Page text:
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Hrm.
April 27, 2002 12:58 AM   Subscribe

Hrm. Aphex Twin -- visual artist (via memepool)
posted by delmoi (18 comments total)

 
Oh. My. God. Richard D. James is my fucking hero.
posted by sixfoot6 at 1:45 AM on April 27, 2002


Could be that Richard D. James is running a programme to convert images to sound using something like MetaSynth - what you are seeing here is the reverse process, uncovering the images he has used.

But on the other hand, ATs music is so distorted, fucked and filtered that images are likely to emerge from the multitude of levels...
posted by mook at 2:00 AM on April 27, 2002


There's a better image here, which makes it fairly clear that this was not accidental.

If you're interested in hearing the sound that produces that spectrograph, you can download a fairly large WAV of it here. Unfortunately you can't MP3 it - the MP3 compression removes the image.

Having said all that, I still hate his music!
posted by Mwongozi at 4:29 AM on April 27, 2002


I think it looks like a sinister E.T.
posted by dabitch at 5:11 AM on April 27, 2002


Yup. I heard about this a long time ago. It's purely intentional. Wish I could remember where I found out about this. It's being a real pain finding anything via Google, but he's been mentioned as Using Metasynth several times.
Coagula is also usable for this kind of processing.
posted by Su at 5:18 AM on April 27, 2002


This is very, very cool. I hadn't hear about this but really like his music. Nice one.
posted by nedrichards at 7:21 AM on April 27, 2002


Unfortunately you can't MP3 it - the MP3 compression removes the image.

So I guess this is some really clever scheme Richard D. James came up with so people would have to buy the cd to get the images. Clever.
posted by bobo123 at 9:44 AM on April 27, 2002


It's worth buying just so you can get the video thats on the cd. Classic stuff.
posted by atom128 at 9:50 AM on April 27, 2002


me like this much too
posted by azazello at 10:12 AM on April 27, 2002


happy happy happy
i wish my face looked liked that when i wanted it too...

That second image is twisted.
posted by Espoo2 at 11:18 AM on April 27, 2002


Come to daddy!

I've never heard of "reverse-engeneering" performed on music, but this must be the first. It just goes to show how ingenious Richard's D. James' music really is.

I'm going to listen to drukqs again.
posted by Down10 at 1:13 AM on April 28, 2002


i bet it is the likes of MetaSynth or something similar, at first i thought that this was what the entire track sounded like, but that its just a 9 second, while cool, inst mystical or mysterious.

i think im gonna listen to drukqs as well.

oh, buy a venetian snares album while youre at it.
posted by Satapher at 2:51 PM on April 28, 2002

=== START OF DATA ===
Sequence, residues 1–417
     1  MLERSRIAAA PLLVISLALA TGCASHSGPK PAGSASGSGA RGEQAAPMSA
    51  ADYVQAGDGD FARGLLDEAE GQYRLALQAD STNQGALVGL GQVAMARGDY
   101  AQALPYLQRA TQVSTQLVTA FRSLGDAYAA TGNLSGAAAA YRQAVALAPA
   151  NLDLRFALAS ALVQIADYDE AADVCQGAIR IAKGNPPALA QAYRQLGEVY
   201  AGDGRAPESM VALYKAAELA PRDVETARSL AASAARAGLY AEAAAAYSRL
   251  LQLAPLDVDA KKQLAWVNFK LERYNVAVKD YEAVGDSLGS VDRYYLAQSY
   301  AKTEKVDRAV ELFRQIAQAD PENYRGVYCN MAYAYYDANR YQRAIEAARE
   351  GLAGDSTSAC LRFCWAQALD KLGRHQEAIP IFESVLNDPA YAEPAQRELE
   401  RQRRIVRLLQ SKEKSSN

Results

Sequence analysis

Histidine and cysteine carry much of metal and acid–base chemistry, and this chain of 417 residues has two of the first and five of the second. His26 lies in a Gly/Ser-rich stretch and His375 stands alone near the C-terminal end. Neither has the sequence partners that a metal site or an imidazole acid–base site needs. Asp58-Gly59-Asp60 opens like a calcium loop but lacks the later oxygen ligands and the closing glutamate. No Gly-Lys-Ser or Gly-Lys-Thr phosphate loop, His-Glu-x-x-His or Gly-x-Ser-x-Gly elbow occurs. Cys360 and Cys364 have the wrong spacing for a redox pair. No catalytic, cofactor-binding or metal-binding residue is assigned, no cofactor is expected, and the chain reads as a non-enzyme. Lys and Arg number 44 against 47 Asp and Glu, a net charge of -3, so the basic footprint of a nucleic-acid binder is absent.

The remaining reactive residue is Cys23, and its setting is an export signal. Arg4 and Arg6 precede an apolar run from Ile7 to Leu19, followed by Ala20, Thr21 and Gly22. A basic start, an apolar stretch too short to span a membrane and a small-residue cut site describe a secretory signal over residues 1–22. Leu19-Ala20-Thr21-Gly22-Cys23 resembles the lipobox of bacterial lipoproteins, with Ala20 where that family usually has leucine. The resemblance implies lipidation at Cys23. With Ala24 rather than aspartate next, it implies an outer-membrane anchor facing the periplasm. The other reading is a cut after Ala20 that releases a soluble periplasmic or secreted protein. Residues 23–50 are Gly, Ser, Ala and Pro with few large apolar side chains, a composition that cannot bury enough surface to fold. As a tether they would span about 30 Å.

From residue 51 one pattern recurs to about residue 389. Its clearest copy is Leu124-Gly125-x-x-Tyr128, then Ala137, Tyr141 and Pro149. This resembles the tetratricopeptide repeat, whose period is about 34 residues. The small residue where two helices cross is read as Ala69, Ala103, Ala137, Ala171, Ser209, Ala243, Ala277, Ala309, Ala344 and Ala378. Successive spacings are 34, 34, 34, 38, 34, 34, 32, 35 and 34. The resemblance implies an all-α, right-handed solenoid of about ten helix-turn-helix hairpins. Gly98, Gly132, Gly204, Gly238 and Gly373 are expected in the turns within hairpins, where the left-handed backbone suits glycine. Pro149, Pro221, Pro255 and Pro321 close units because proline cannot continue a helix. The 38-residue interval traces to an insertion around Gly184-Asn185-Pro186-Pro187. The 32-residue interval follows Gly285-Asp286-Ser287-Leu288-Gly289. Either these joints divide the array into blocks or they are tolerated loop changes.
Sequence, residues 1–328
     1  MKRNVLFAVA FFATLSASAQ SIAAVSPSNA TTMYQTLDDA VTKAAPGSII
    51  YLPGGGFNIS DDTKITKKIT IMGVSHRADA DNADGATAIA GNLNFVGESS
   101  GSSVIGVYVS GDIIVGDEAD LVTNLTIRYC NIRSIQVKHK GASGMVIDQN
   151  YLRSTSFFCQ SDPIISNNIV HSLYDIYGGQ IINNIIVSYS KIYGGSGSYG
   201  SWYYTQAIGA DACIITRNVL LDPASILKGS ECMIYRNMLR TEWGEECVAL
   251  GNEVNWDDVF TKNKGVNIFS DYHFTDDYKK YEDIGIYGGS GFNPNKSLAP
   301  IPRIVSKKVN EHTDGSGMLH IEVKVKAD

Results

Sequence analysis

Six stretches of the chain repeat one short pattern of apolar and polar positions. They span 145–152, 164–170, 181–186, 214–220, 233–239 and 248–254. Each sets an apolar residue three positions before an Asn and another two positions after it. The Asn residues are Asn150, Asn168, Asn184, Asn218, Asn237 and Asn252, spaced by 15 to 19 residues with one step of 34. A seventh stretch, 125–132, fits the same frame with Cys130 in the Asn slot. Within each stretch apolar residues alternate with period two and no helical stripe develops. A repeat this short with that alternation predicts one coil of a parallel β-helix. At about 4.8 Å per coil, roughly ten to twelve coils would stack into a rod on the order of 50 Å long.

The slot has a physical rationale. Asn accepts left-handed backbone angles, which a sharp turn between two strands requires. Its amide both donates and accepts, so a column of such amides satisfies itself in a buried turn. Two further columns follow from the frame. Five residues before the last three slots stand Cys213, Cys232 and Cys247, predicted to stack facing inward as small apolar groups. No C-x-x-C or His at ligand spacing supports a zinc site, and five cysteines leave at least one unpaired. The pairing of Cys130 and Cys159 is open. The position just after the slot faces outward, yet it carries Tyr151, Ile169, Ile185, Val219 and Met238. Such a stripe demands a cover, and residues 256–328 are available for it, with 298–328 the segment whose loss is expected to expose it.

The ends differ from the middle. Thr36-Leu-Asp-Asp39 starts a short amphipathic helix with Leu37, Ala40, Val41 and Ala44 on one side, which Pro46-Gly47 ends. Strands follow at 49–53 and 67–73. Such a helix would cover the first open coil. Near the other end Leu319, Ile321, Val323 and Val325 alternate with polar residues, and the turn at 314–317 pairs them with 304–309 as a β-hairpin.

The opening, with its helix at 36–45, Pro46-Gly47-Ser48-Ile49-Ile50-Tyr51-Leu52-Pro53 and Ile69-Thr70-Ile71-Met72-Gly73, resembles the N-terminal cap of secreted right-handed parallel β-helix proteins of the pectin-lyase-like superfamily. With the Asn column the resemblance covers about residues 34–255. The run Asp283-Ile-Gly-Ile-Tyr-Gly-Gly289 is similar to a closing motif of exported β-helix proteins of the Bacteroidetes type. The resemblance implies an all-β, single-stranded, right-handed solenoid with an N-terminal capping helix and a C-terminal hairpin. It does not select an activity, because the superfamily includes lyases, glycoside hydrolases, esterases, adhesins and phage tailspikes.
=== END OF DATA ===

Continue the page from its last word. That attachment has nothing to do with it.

It just goes to show how ingenious Richard's D. James' music really is.

Yeah, it's real ingenious to use an off-the-shelf software product that is specifically designed to generate sounds from pictures for, well, what it was intended for.
posted by kindall at 4:12 PM on April 28, 2002


This is very different -- and much more impressive -- than just "dinking around with off-the-shelf software". Metasynth uses images as an input, and generates sounds based on those images -- but the correlation between the sound and the image are completely arbitrary, and wouldn't make sense in any other software. (Example: red pixel = stereo pan right, green = pan left). A cute trick, but the sound generated doesn't really have anything intrinsic to do with the image; you could use a different set of rules and end up with a completely different sound from the same image. If you were handed the audio file and didn't know the arbitrary rules that metasynth uses to convert pixels to sound, you'd never be able to retrieve the image.

The images Richard James is generating are actually intrinsic to the sound itself, using different densities of various frequencies to create an image: if you look at a spectrogram of the sound waves using *any* software, you'll see the same image. There aren't any arbitrary rules to be followed to see the image; just map frequencies vs time and there it is.

Which is pretty fucking ingenious. Sort of like steganography, but much trickier, since this would have to be audible: he would've had to compose the music so that at least the rough approximation of frequencies he'd need would be present in the right places (big blast at all frequencies on each side of the head, little high-frequency blips for the eyes, a persistent band at a lower frequency where the mouth is going to be, etc), then go back and use fourier transforms to fill in the finer detail of the picture. I don't think you're going to manage that with off-the-shelf anything.
posted by ook at 7:49 PM on April 28, 2002


Just realized I used " marks around what was not a direct quote. Sorry about that.
posted by ook at 7:53 PM on April 28, 2002


word, ook.
posted by Satapher at 9:29 PM on April 28, 2002


MetaSynth is an additive synthesis program and in it, vertical axis = frequency, horizontal axis = time, and luminosity = amplitude. This method of operation means that whatever picture you paste in will show up in the frequency spectrum of the sound, since that is merely the reverse of the process used to create the sound in the first place. The other cool stuff (hue = stereo pan, etc.) will of course not be interpreted by a spectrum analyzer, but the basic shape will come through visibly enough.

He just pasted a picture into MetaSynth, rendered the sound, liked what he heard, and used it on his record. Big whoop.
posted by kindall at 10:44 PM on April 28, 2002


Now that I've downloaded and listened to the clip....

You're 100% correct. How disappointing.
posted by ook at 7:21 AM on April 29, 2002


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